It is very tempting to sleep in on weekends. But this can create unseen long term affects in the body. Many blogs dictate on how much sleep and when to sleep. But we shouldn’t necessarily follow them. Each of our body have an internal clock set up that is tuned to do certain functions at a certain time.
We should maintain a synchronicity when we sleep and when we wake up. It helps us keep our body and indirectly help our bodies perform daily functions.
1. Circadian clock
Our body is set in a certain way and processes certain functions at a certain time. Our hormones and enzymes are programmed to follow a certain pattern at a certain time. If we change our sleeping pattern, our bodies get confused to perform which function.
2. Bodily functions
Our body builds up big major proteins and other molecules like cholesterol in the night. These are mainly used during the day. Basically the body prepares the body to function in the morning. If we push back our sleeping time, the body doesn’t have time to build up the energy needed. This leaves a person feeling “social jet-lag”. It is accompanied with fatigue, nauseous, and an irritable mood.
One of the major hits are to the immune systems. Every person’s immune system recharges at a certain time. Some of them rejuvenate during the night. Pushing back sleep time could affect the rhythm of functions as well as physical and mental health.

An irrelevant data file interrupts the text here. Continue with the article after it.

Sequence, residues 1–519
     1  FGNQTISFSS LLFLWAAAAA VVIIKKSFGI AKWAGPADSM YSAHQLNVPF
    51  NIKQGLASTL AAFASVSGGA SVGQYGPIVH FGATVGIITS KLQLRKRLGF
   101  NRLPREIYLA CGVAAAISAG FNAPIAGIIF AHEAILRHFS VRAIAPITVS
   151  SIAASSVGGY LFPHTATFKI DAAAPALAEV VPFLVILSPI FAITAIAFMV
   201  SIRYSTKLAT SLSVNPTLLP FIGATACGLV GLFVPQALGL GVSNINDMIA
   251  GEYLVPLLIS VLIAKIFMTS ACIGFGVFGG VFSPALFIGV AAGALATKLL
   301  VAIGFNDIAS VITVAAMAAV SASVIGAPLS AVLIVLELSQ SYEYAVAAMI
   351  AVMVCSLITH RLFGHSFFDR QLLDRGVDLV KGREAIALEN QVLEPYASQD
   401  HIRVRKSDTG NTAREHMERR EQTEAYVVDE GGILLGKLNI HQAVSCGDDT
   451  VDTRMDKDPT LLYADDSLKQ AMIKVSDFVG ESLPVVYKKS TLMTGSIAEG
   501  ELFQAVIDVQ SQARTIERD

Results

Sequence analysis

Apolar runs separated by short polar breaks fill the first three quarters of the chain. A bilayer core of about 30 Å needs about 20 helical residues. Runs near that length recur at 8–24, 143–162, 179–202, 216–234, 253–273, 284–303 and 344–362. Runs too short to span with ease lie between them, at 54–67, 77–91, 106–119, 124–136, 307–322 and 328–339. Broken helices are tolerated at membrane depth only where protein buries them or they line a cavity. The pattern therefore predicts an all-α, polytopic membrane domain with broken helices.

3. Sleep time
There are many articles advising us on how to sleep and when to sleep. But the truth is each person’s sleeping patterns differ from others. These variations are due to the difference in the internal clocks set up in our body. The best solution is to maintain a synchronicity of sleeping and waking at the same time. This varies as some people sleep late and others early. This synchronicity is very individual and the body can adapt 30 to 40 minutes change. But this change also depends on the age. Younger people recover faster then older aged people.
4. Duration of sleep
A single individual’s average sleep time itself changes. Thus, it is not necessary to follow blogs written on how much shut-eye is needed. Average is usually six to eight hours of sleep for long sleepers too.